New Mex­ico, for a flag that flag-lovers love

The Washington Post Sunday - - OUTLOOK - By Ni­raj Chok­shi Ni­raj Chok­shi re­ports for GovBeat, The Post’s state and lo­cal pol­icy blog. If you have a can­di­date for best state, e-mail ni­raj.chok­shi@wash­

Ninety-nine years ago to­day, Amer­ica be­gan to cel­e­brate its most en­dur­ing sym­bol: the flag. It is an “em­blem of our unity, our power, our thought and pur­pose as a na­tion,” Pres­i­dent Woodrow Wil­son said a year af­ter pro­claim­ing the first Flag Day.

That much is true of all flags: They are el­e­gant, strik­ing and rec­og­niz­able sym­bols of the peo­ple over whom they fly.

But Old Glory does not stand alone. Each state has also adopted a ban­ner of its own. And alas, not all are cre­ated equal. None is as well de­signed as New Mex­ico’s, at least ac­cord­ing to a sur­vey con­ducted by the North Amer­i­can Vex­il­lo­log­i­cal As­so­ci­a­tion, ded­i­cated to the study of flags. Its mem­bers fa­vored “strong, sim­ple, dis­tinc­tive flags,” the group wrote in an­nounc­ing the re­sults of its sur­vey.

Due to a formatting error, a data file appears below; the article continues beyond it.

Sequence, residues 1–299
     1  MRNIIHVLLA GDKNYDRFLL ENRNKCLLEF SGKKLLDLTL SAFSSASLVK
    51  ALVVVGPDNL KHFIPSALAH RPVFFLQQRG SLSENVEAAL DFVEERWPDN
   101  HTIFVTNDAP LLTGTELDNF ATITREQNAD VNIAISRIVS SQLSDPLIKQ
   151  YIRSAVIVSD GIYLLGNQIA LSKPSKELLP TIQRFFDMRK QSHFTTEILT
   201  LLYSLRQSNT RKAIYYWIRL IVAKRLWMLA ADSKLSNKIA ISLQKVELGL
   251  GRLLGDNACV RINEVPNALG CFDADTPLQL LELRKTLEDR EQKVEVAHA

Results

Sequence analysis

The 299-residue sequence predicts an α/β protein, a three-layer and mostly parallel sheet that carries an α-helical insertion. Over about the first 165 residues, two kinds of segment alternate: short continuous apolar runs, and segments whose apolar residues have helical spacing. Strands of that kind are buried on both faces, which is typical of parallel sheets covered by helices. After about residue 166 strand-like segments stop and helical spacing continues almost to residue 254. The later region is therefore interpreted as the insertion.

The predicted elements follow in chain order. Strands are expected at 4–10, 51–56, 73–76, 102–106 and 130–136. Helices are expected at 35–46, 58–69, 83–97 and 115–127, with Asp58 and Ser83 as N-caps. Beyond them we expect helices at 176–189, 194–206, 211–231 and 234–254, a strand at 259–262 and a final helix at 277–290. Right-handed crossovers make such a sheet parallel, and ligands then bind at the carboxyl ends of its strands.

New Mex­ico’s con­forms to all three prin­ci­ples. In the cen­ter of its yel­low flag sits a red cir­cle rep­re­sent­ing the sun, with four rays ex­tend­ing in each cardinal di­rec­tion. The flag, adopted 90 years ago, bor­rows that de­sign, the Zia sym­bol, from the tribe of the same name.

But while the Land of En­chant­ment scored high­est in the sur­vey, NAVA Pres­i­dent John Hartvigsen is quick to stress that beauty is in the eye of the be­holder. “Ev­ery­one has their own fa­vorite,” he says.

Other top-scor­ing flags also boasted sim­ple de­signs, mean­ing­ful sym­bol­ism and a few ba­sic colors. Texas ranked sec­ond, with its lone star flag, fol­lowed by Mary­land and Alaska.

The flags of Ne­braska, Mon­tana and Kansas, which sport busy state seals, ranked near the bot­tom.

The flag of Wash­ing­ton, D.C., based on Ge­orge Wash­ing­ton’s coat of arms, ranked eighth.

“It’s very bold and strik­ing, and peo­ple rec­og­nize it,” Hartvigsen says.


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